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From the Winter 2004 issue of The News Media & The Law, page 24.
Attempting to place his gubernatorial records outside the reach of the Texas Public Information Act was not President George W. Bush's only effort to limit access to executive records.
On Nov. 1, 2001, Bush signed Executive Order 13233. Prior to the order, presidential records were sealed for 12 years, after which they were reviewed for release by the National Archives. Under the new order, both the former and incumbent president must review the records before they are released by the archives, and either could block disclosure indefinitely.
A number of Bush's current advisors were also members of Ronald Reagan and George H.W. Bush's administrations, and their actions could be detailed in the documents. Reagan's 12-year limit was to expire in 2001.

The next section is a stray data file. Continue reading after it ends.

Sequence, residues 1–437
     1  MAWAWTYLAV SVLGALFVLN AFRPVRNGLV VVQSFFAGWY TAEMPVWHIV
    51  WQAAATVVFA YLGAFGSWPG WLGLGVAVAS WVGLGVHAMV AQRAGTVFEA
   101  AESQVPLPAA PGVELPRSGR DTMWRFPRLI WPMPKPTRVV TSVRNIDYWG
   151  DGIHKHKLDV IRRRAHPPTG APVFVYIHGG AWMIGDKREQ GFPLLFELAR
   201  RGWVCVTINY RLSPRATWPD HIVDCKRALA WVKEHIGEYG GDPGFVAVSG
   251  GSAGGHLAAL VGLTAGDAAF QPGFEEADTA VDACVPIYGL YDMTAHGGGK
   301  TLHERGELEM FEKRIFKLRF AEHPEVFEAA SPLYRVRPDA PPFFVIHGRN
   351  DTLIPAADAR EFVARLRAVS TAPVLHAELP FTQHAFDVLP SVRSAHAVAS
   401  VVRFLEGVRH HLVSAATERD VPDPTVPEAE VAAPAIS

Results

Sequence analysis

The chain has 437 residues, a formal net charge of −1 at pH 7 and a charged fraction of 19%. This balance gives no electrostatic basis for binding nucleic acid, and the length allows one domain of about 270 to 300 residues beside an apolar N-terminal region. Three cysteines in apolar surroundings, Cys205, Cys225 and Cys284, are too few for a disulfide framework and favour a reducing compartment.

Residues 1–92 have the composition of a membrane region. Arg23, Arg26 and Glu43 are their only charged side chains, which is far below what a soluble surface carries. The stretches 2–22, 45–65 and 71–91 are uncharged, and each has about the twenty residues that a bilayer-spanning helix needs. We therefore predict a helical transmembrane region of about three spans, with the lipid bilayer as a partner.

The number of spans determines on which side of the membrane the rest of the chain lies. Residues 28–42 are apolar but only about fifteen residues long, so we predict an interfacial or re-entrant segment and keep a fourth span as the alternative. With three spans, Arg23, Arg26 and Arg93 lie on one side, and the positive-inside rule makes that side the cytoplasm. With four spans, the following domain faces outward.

Tom Smith, director of the Texas state office of public interest group Public Citizen, sees this as an attempt by Bush to shield himself and his family from criticism.
"When I watch this from 20 years of Bushes in Texas, there is a real desire to build legacy," Smith said. "Both he and his father have attempted to circumvent the open meeting and open records acts."
A coalition of historians and open government advocates, including The Reporters Committee for Freedom of the Press and Public Citizen, filed a lawsuit in federal district court in Washington, D.C., on Nov. 28, 2001. In American Historical Association v. National Archives and Records Administration, the coalition contends that the executive order illegally circumvents the Presidential Records Act of 1968 and asks for an injunction preventing the order from being enforced. As a result of the suit, some records have been released.
The parties have filed opposing motions to summarily dismiss the case and are currently awaiting the court's action.